Article Text

Total neurological recovery after surgical decompression and treatment with denosumab of large unresectable spinal giant cell tumour expanding to mediastinum
  1. Chirathit Anusitviwat1,
  2. Monchai Ruangchainikom2,
  3. Ekkapoj Korwutthikulrangsri2 and
  4. Werasak Sutipornpalangkul2
  1. 1Orthopedics, Prince of Songkla University, Hat Yai, Songkhla, Thailand
  2. 2Orthopaedic Surgery, Faculty of Medicine Siriraj Hospital, Mahidol University, Bangkok, Thailand
  1. Correspondence to Dr Werasak Sutipornpalangkul; tewsvja{at}gmail.com

Abstract

There is a controversy over the medical treatment of unresectable spinal giant cell tumour (GCT) regarding dosing and duration. We studied a spinal GCT case that had expanded to the thoracic spinal canal and mediastinum and was successfully treated by surgical decompression and denosumab. A woman in her 30s presented with weakness in both the lower extremities. MRI revealed a large tumour in the posterior mediastinum expanding from the thoracic vertebrae (T3–6), which compressed the spinal cord. The patient underwent urgent spinal decompression with instrumentation and her tissue was sent for a pathology study. Histologically and immunohistochemistry confirmed the diagnosis of GCT. Since it was an unresectable tumour, this patient was treated with denosumab. Her neurological problem resolved after 6 months of treatment. After 4 years of follow-up, the patient displayed no further progression and no side effects from long-term denosumab usage.

  • Spinal cord
  • Orthopaedic and trauma surgery
  • Surgical oncology
  • Neurosurgery
  • Orthopaedics
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Background

In giant cell tumour (GCT) of the spine, widely accepted surgical treatments include intralesional curettage and en bloc resection to increase chances of survival.1 2 However, these treatments can lead to permanent neurological deficits and local recurrence. To reduce the likelihood of unfavourable outcomes, denosumab has been approved to treat patients with unresectable spinal GCT or when resection is likely to result in morbidity.3 Even surgical resection of spinal GCT combined with denosumab administration does not guarantee excellent clinical outcomes and radiological findings.4

In general, 120 mg of denosumab injected subcutaneously every 4 weeks with additional loading doses given on day 8 and 15 during the first month of therapy is prescribed for GCT.5 6 This regimen leads to elimination of tumours and consistent suppression of bone resorption. However, there is no standardised denosumab dosage and treatment duration. Previous reports have suggested ranges varying from 4 months to 55 months.7 It can be used to supplement surgery either preoperation or postoperation for spinal GCT as the long-term effects of denosumab use in patients with spinal GCT expanding to the mediastinum has not been reported.8–10

Herein, we report of a rare case of unresectable GCT of the thoracic spine that expanded into the mediastinum and spinal canal, resulting in paraplegia. The patient was treated with surgical decompression without tumour resection and long-term denosumab administration with the final result being full neurologic recovery.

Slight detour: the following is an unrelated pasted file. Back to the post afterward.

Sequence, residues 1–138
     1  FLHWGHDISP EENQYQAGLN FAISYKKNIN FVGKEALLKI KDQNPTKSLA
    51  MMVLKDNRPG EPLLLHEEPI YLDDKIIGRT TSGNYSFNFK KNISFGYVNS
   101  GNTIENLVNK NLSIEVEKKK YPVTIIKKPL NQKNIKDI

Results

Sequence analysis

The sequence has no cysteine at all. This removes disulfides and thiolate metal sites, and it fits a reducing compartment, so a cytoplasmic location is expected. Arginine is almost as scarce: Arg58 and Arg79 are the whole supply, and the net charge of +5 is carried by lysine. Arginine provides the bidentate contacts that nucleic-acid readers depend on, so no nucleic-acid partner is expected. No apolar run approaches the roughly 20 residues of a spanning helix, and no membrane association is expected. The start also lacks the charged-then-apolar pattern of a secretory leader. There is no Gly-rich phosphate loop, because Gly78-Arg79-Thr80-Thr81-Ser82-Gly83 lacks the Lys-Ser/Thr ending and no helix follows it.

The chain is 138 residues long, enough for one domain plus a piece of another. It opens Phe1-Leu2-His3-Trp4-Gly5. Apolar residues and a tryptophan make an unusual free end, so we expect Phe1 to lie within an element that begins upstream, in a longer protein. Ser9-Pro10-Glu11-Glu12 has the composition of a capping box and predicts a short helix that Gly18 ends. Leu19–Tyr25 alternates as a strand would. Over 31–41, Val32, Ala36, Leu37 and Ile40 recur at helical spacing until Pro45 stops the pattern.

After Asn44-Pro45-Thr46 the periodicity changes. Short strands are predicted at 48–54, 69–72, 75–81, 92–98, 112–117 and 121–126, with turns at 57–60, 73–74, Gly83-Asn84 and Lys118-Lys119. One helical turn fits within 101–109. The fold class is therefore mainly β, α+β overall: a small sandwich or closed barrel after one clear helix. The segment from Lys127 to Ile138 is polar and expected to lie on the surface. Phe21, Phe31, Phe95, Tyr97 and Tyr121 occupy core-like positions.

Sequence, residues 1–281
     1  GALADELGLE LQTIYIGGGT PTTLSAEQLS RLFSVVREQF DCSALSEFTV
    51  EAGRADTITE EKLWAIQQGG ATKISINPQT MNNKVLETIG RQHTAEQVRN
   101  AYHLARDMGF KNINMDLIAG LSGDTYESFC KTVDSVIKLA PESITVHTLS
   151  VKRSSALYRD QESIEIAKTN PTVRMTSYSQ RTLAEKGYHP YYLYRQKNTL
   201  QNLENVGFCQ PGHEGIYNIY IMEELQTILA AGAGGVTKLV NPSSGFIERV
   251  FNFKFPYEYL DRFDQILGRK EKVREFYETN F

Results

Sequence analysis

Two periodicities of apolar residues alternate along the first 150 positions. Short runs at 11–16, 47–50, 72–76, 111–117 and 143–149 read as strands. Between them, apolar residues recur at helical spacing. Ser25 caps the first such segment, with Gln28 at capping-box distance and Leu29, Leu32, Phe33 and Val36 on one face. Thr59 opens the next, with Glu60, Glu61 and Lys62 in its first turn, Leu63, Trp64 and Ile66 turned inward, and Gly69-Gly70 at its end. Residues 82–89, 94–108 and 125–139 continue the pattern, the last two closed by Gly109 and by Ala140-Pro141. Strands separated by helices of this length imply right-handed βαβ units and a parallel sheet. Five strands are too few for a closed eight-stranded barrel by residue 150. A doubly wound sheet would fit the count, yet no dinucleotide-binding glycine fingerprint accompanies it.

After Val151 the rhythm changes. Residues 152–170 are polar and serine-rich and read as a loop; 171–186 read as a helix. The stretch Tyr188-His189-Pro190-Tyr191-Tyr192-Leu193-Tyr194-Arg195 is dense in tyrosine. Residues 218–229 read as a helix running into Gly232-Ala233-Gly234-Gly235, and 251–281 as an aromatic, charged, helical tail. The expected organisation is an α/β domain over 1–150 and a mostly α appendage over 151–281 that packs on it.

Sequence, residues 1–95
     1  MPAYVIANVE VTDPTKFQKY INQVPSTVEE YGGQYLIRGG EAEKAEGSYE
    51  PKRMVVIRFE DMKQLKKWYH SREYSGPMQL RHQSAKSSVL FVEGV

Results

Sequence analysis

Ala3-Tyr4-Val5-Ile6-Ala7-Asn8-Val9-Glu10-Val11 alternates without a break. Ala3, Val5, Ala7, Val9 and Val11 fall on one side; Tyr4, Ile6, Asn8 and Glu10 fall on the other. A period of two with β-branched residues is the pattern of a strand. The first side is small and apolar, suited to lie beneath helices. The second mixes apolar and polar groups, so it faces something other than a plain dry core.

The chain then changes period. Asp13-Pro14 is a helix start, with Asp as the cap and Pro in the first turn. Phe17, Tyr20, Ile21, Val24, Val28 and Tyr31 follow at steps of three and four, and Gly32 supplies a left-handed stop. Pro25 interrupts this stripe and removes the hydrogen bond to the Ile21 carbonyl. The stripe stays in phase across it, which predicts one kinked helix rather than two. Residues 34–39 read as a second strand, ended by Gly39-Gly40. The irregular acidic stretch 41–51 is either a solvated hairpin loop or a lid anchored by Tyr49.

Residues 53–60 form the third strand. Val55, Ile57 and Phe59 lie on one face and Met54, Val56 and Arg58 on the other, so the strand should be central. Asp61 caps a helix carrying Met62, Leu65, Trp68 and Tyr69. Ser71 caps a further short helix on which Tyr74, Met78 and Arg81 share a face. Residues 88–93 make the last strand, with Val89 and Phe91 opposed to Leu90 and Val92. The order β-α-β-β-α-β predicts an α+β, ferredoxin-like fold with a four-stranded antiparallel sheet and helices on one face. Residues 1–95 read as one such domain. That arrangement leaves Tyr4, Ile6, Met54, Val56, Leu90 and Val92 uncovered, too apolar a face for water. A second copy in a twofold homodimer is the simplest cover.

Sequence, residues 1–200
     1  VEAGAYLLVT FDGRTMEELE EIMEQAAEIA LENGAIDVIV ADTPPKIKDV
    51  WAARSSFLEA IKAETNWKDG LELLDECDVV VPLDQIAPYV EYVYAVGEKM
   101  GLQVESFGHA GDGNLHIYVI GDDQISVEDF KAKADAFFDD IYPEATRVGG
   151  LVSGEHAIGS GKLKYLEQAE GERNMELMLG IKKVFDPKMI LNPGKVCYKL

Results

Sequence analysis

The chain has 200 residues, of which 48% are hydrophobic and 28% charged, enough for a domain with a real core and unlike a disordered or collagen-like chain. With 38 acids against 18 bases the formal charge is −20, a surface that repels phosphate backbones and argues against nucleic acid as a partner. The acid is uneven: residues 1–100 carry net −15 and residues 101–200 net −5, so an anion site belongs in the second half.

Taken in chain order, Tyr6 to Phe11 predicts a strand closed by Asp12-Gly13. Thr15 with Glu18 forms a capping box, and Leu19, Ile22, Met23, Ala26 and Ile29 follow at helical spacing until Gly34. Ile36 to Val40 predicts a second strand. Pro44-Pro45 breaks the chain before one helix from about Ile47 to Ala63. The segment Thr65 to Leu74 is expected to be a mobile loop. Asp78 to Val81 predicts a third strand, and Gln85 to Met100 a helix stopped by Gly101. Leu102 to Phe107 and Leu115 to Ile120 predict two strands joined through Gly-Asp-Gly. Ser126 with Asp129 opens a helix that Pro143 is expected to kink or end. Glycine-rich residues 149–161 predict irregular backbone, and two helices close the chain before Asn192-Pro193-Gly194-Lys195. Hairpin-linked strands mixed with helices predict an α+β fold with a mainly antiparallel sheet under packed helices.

Case presentation

A woman in her 30s presented with atraumatic weakness in both her legs for 1 week and had difficulty urinating for 3 days. This patient was referred to our hospital 6 years ago. The patient provided a 10-year history of spinal surgery with instrumentation after a fall from height caused a vertebral compression fracture without neurological deficit. The patient had no other medical problems and her family history was unremarkable. On examination, she presented an old midline surgical scar and mild tenderness on her back. A neurological examination showed signs of near paraplegia (Frankel grade C) in all lower extremity muscles, positive Babinski sign and ankle/knee hyperreflexia.

Investigations

A plain radiographic examination of the thoracic spine showed a large soft tissue mass in the posterior mediastinal region (20.3×18.7 cm) and previous posterior instrumentation from T3–7, which was related to a history of vertebral fracture around 10 years ago (figure 1). The images also revealed right lateral displacement of the heart, mediastinal structure and trachea due to the pressure effect from the mass. Blood for complete blood count, biochemistry and tumour markers were normal except for hyperkalemia and leukocytosis. An MRI of the thoracic spine showed a large heterogeneous enhancing soft tissue mass at the posterior mediastinal region with bilateral paravertebral extension predominately on the left side with a size of about 18.4×18.0×10.4 cm. This mass protruded from the T4 vertebra, leading to a pressure effect of thecal sac at lower T3 to upper T5 vertebrae and total obliteration of the spinal canal, which is suggestive of myelopathy at the T3–5 vertebral level (figure 2). This mass also involved the left lateral chest wall with multiple left posterior ribs erosion. The rest of her spine MRI showed no other abnormalities. A CT scan also demonstrated a large extrapulmonary mass with internal calcification at the posterior mediastinum extending to the bilateral paravertebral area (figure 3). Last, a whole-body bone scan showed no evidence of bony metastasis.

Figure 1

Plain radiography of the thoracic spine showed a large soft tissue mass at posterior mediastinal region. (A) Anteroposterior view and (B) lateral view.

Figure 2